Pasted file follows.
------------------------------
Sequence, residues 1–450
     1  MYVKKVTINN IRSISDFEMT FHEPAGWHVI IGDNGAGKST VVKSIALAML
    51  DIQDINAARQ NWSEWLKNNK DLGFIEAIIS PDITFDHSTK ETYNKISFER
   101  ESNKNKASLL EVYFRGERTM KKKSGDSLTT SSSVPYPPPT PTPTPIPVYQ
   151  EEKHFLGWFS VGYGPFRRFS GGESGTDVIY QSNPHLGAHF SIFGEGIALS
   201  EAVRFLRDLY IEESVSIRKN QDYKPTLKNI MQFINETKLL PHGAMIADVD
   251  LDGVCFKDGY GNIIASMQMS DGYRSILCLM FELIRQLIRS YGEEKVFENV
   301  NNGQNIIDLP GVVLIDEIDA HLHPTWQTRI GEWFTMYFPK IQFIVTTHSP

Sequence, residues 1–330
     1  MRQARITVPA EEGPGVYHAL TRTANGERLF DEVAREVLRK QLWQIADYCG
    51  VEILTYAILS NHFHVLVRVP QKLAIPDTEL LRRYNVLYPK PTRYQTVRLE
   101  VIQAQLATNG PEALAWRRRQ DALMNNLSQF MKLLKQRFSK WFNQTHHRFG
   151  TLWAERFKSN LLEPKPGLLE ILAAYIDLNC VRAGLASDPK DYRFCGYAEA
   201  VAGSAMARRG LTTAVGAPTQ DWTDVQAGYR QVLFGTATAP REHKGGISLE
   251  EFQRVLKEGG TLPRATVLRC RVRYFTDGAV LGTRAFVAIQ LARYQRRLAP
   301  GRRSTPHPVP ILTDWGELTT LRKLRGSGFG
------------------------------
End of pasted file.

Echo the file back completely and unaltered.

Sequence, residues 1–450
     1  MYVKKVTINN IRSISDFEMT FHEPAGWHVI IGDNGAGKST VVKSIALAML
    51  DIQDINAARQ NWSEWLKNNK DLGFIEAIIS PDITFDHSTK ETYNKISFER
   101  ESNKNKASLL EVYFRGERTM KKKSGDSLTT SSSVPYPPPT PTPTPIPVYQ
   151  EEKHFLGWFS VGYGPFRRFS GGESGTDVIY QSNPHLGAHF SIFGEGIALS
   201  EAVRFLRDLY IEESVSIRKN QDYKPTLKNI MQFINETKLL PHGAMIADVD
   251  LDGVCFKDGY GNIIASMQMS DGYRSILCLM FELIRQLIRS YGEEKVFENV
   301  NNGQNIIDLP GVVLIDEIDA HLHPTWQTRI GEWFTMYFPK IQFIVTTHSP

Sequence, residues 1–330
     1  MRQARITVPA EEGPGVYHAL TRTANGERLF DEVAREVLRK QLWQIADYCG
    51  VEILTYAILS NHFHVLVRVP QKLAIPDTEL LRRYNVLYPK PTRYQTVRLE
   101  VIQAQLATNG PEALAWRRRQ DALMNNLSQF MKLLKQRFSK WFNQTHHRFG
   151  TLWAERFKSN LLEPKPGLLE ILAAYIDLNC VRAGLASDPK DYRFCGYAEA
   201  VAGSAMARRG LTTAVGAPTQ DWTDVQAGYR QVLFGTATAP REHKGGISLE
   251  EFQRVLKEGG TLPRATVLRC RVRYFTDGAV LGTRAFVAIQ LARYQRRLAP
   301  GRRSTPHPVP ILTDWGELTT LRKLRGSGFG